Idaho Scenic Drives: Northwest Passage Scenic Byway

By: Clark Norton

By traveling the Northwest Passage Scenic Byway you can follow in the footsteps of Meriwether Lewis and William Clark who traversed this link between the Missouri River and the Columbia River through the unexplored Rocky Mountains.

Lewis and Clark's arduous journey proved that no easy route existed; however, they were led by Sacagawea to the trail through the mountains that had been used by generations of Nez Perce Indians. Along the Northwest Passage Scenic Byway, you will see numerous Nez Perce cultural sites and Lewis and Clark campsites. 


Archaeological Qualities of Northwest Passage Scenic Byway

At Big Eddy, evidence of early native occupation has been discovered. In Eimers Park's Tolo Lake, the remains of mammoths and an extinct species of bison were discovered at the bottom of the lake in 1994. During the excavation, archaeologists determined that the bones exhumed were only a fraction of what is actually at the bottom of Tolo Lake.

Qualities of Northwest Passage Scenic Byway

Although a conglomeration of cultures and people make up the Northwest Passage, none of the cultures has preserved its heritage like the Nez Perce. Agriculture and industry fostered by the coming of homesteaders and gold miners exist side by side with the customs of the Nez Perce. Experience one of their powwows, or see the Nez Perce National Historic Park, where local arts and crafts are displayed.

Qualities of Northwest Passage Scenic Byway

Before the Northwest Passage became a nationally recognized corridor, the route was home to the Nez Perce, and it remains their home even today. For thousands of years, this native culture built villages and camps along the Clearwater River. The Northwest Passage was a main route for the Nez Perce as they traveled through the mountains and forests of what is now northern Idaho. The society of the Nez Perce met the society of European culture when Lewis and Clark traveled through the area in 1805 and 1806.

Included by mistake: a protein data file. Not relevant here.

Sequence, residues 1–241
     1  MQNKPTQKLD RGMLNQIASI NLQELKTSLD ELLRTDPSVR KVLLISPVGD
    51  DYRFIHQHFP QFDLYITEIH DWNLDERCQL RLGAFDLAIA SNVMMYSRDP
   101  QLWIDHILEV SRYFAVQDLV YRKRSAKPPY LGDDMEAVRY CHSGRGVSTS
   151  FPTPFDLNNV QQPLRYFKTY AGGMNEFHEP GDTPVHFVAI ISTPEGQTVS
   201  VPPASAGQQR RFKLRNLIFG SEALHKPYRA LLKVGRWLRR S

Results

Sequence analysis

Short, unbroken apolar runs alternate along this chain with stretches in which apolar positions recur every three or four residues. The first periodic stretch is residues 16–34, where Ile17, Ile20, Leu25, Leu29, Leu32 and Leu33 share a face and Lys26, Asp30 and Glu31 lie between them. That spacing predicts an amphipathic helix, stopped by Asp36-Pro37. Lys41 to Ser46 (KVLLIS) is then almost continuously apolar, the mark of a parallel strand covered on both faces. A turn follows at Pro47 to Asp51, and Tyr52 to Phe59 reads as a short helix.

After the coming of the Lewis and Clark Expedition, new visitors wanted to do more than explore. Trappers, missionaries, and miners soon followed, and they interacted with the Nez Perce. For a time, people gathered in the area in hopes of discovering gold. The mining districts from this period in history eventually became the towns that are now on the Northwest Passage Scenic Byway.

In the 1870s, conflict mounted between the Nez Perce and the U.S. government. The battle ended with many of the Nez Perce dead; the rest were moved to reservations. Today, the byway travels along the Nez Perce Indian Reservation and passes Nez Perce National Historic Parks in Spalding and Kamiah.

Qualities of Northwest Passage Scenic Byway

Although many of the valleys are now green agricultural fields, the mountainsides are covered in trees, and the sights and smells of the forest still have an overwhelming presence on the byway. Canyons and valleys appear along the Northwest Passage Scenic Byway to display the varied topography of the area. Rocks exposed along the byway are part of basalt lava flows from the Columbia Plateau that formed millions of years ago.

In addition to the scenery, wildlife also thrives here. The rivers are filled with fish, such as steelhead trout and Chinook salmon, and the forests are home to deer, elk, and other species. The variety of tree and plant life that grows along the byway creates a habitat for all these creatures.

Qualities of Northwest Passage Scenic Byway

The road is surrounded by rivers. Along the Northwest Passage Scenic Byway, travelers can hardly escape the allure of the Clearwater River and its forks. Nearby,

you will also find the Snake and Salmon Rivers. And whether you choose to enjoy what's in the water or the water itself, you won't be disappointed. Chinook salmon swim in the waters, and fly-fishing for steelhead trout is one reason people return

to the Northwest Passage. White-water rafting on one of the byway rivers is also irresistible.

If you get enough of the water, a walk in the woods may entice you. Travelers take trails through mountains for the sweeping vistas they can enjoy along the way. National forests, wilderness areas, and even state parks give you the opportunity to find trails and go exploring.

Find more useful information related to Idaho's Northwest Passage Scenic Byway:

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  • Graingeville: Find out what there is to do in this city along Northwest Passage Scenic Byway.
  • Scenic Drives: Are you interested in scenic drives beyond Idaho? Here are more than 100 scenic drives throughout the United States.
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